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The Slipper  Slip-Up

It wasn’t a matter of ‘more haste less speed’.  No, I think it was the comfort of my cozy slippers which caused me to head out to work in them.  My bag slung over my left shoulder, my water bottle clutched in my right hand, off I head all dressed up with somewhere to go.  Heigh ho, heigh ho, it’s off to work I go.  Stunned, I come to a sudden halt.  I don’t have to look at my feet, snug within my footwear.  I know what is; certainly not my well-worn clogs in which I daily walk those endlessly long corridors at the hospital where I minister as a chaplain. It’s my slippers!  What should a professional woman do, but turn around, go back to where those clogs patiently await my feet.  Heigh ho, heigh ho, now off to work I go, all the while wondering what would have happened, had I, horror of horrors, arrived at work in my comfy slippers.

 If you were to talk to some of my friends, they’d tell you about my quirky mind.  While my clogs carried me quite nicely, though not as comfy as my slippers would have, I wondered what, say doctors or nurses, might say if I wore slippers to work.  One of my colleagues, a palliative care doctor, might just smile and commend me for choosing to care for my tired feet.  Now, a fellow chaplain might glance at my slippered feet and, concerned not only for folk’s spiritual wellbeing, might perhaps secretly envy me not only for thinking outside the proverbial box, but for walking outside the ‘shoe box’.  I would most certainly steer clear of the otolaryngologist, aka the head and neck doc, for he might want to examine my head. However, my heart would go out to all the weary nurses who might longingly glance at my comfy slippers wishing they could wear slippers.  So, come to think of it, why don’t I start a new sartorial trend and wear my slippers to work?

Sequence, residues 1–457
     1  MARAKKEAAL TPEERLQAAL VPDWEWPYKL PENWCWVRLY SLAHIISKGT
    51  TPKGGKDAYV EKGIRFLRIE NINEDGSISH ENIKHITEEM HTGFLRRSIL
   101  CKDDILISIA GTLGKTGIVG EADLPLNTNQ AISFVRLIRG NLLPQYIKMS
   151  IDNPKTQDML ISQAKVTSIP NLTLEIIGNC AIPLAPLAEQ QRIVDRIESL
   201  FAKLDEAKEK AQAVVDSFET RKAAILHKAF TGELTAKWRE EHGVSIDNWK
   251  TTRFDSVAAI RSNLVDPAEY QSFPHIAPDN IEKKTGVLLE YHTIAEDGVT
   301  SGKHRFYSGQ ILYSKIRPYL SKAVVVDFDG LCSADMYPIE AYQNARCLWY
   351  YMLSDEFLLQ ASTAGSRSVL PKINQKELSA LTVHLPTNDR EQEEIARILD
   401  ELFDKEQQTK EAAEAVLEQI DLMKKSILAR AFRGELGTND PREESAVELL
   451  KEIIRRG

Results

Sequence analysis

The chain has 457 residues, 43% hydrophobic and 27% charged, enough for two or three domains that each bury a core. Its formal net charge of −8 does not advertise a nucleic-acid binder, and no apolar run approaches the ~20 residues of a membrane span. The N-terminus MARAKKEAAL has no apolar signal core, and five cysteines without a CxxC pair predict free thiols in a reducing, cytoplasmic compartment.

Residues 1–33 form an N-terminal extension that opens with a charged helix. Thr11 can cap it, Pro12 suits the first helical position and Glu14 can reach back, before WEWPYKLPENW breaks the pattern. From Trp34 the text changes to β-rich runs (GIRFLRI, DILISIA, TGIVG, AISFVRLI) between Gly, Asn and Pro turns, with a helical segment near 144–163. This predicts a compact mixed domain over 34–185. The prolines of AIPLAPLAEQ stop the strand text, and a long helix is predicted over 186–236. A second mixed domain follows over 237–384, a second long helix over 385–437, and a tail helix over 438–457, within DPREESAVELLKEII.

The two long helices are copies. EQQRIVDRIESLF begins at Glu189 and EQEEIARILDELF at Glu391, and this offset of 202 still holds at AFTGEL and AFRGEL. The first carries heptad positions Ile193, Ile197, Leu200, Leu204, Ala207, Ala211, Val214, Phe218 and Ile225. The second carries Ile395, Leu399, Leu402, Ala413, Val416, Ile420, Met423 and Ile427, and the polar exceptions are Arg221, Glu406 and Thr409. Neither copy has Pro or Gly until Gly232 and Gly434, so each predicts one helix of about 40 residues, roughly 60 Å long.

And here is the clincher which makes me ponder whether to don or not to don slippers at work.  In the article, ‘Could Wearing Slippers to Work Actually Make You More Productive?’, Dr. Karen Pine, professor of psychology at the University of Hertfordshire and fashion psychologist, told   The Guardian     that our sartorial selections can strongly influence our mindset. In response to this fascinating idea, a slipper company in the UK, “is encouraging people to wear their (yes, you guessed it) slippers to work, claiming it improves employees' productivity.  A spokesperson for Shoegarden told The Sun that allowing their staff to wear the fluffier footwear has been “tremendously beneficial for our workplace performance.” 1